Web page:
Friday, January 23, 2009

UNCANNY X-MEN #337 – October 1996

Know thy Enemy
Credits: Scott Lobdell (writer), Joe Madureira (penciler), Townsend & Russell (inkers), Comicraft (lettering), Steve Buccellato & Team Bucce! (colors)

Summary: Wolverine tries to reassure Professor Xavier, who is distraught in the wake of Onslaught’s destruction. Meanwhile, Bastion watches on as Graydon Creed makes a campaign stop in Central Park, where the heroes sacrificed themselves to stop Onslaught. J. Jonah Jameson is intrigued by Creed’s anger, and decides to look into his past. Bastion returns to his base, where his men are examining the Sentinels controlled by Onslaught. At the mansion, Phoenix comforts Quicksilver, who lost his wife and sister to Onslaught. The team gathers for breakfast, hoping that Xavier will join them. Wolverine enters, telling them that Xavier wants to be alone. The team tries to move on and continues with their meal.

Continuity Notes: A narrative caption says that Bastion remembers, “staring into the eyes of his creator…and knowing fully…his reason for being”. One of Bastion’s aides is a shapechanger named Harper. Bastion slaps him for imitating his appearance and tells him to get back to work. I don’t recall if Harper appears again, or is given any type of an origin.

I Love the ‘90s: Beast offers “a google thank yous” to Cyclops, which had a different meaning in those faraway days. There’s also an ad for the Crash Bandicoot video game that promises you a “free alternative music CD” if you preorder his Playstation game. That’s pretty ‘90s.

Review: This is another quiet, talkative post-crossover issue. Xavier understandably receives much of the focus, as Lobdell pairs him with Wolverine for an extended conversation scene. These two character rarely interacted in this era, which is too bad since Lobdell seems to understand their relationship well. Wolverine’s changed the most since joining the X-Men, which proves that the example Xavier has set has merit (Although, judging by spoilers I’ve read online, it’s been revealed that Xavier mentally coerced Wolverine into changing. They really can’t let go of this, can they?). Lobdell doesn’t go for a pat ending, refusing to confirm if Wolverine’s talk with Xavier had any impact on him. It’s a well-written scene that actually works as a coda to the preceding storyline. Some of these post-crossover chats come across as excuses to kill time, but this is a scene that had to be done after the Onslaught story was over, and Wolverine is a good choice to act as Xavier’s foil and reassure him that his work has meaning.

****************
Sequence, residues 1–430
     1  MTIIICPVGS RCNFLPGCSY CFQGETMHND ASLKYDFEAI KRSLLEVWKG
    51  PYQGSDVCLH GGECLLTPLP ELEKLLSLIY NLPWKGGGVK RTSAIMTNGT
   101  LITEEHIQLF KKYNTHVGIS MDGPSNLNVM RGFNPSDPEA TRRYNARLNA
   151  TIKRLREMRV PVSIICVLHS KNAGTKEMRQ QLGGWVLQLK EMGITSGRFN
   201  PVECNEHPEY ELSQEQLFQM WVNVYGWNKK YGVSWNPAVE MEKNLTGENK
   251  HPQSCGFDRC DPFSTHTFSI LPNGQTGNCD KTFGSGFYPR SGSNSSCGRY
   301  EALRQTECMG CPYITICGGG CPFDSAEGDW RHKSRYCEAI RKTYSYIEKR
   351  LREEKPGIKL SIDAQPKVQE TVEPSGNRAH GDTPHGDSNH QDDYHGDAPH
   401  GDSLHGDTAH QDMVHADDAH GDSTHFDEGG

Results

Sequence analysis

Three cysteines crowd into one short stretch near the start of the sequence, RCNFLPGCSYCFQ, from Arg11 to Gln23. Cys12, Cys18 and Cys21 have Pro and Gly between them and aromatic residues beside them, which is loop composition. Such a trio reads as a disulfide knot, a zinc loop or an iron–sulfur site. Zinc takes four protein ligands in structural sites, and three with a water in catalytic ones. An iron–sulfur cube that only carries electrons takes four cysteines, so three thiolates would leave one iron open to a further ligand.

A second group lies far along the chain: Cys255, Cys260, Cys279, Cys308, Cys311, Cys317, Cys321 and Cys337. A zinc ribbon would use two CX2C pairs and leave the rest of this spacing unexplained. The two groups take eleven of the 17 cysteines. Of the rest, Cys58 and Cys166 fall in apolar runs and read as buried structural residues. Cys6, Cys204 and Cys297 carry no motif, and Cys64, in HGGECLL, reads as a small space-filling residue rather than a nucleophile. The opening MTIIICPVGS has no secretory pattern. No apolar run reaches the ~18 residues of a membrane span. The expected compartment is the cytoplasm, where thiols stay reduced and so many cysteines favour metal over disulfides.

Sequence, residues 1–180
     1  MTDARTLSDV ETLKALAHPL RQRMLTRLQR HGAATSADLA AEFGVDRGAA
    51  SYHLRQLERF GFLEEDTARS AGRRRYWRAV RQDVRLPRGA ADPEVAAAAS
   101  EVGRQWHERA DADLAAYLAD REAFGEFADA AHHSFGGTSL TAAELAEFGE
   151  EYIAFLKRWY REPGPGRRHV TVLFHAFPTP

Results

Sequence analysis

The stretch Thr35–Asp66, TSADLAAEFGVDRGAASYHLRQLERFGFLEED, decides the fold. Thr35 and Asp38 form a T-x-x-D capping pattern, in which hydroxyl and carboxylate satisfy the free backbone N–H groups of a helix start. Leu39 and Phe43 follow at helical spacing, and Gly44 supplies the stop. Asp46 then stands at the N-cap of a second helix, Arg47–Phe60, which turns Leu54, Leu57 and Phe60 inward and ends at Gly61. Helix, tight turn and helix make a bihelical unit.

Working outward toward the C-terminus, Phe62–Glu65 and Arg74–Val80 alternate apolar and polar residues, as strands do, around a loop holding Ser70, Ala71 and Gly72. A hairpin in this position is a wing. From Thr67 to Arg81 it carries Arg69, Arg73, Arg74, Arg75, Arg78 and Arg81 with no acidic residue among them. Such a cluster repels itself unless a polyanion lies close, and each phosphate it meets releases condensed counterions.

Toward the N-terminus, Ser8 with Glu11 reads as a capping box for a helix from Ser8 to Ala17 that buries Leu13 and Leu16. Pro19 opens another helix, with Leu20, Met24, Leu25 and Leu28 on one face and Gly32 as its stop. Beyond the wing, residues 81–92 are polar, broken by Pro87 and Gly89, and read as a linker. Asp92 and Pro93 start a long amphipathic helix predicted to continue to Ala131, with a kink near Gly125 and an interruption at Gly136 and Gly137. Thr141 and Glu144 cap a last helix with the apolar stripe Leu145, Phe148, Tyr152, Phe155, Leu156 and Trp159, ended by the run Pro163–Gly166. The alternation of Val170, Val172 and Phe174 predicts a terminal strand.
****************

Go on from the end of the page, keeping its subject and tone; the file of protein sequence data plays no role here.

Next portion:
The remaining character moments are hit or miss. I don’t really care for the slapstick scene between Cyclops, Beast, and Iceman, but Gambit’s jealousy over Magneto’s second chance as Joseph is nicely conveyed. The scene with J. Jonah Jameson is an early attempt on Bob Harras’ part for a more integrated Marvel Universe, but it doesn’t go very far. The Bastion scene reads like the thousand other brief and cryptic subplots that have cropped up over the years, so it’s hard to care too much about it. Overall, this is one of the stronger quiet issues, and Madureira’s art is still nice (although the tiny head he gives Beast in one panel is even more egregious than some of Liefeld’s anatomy blunders).

7 comments:

rob said...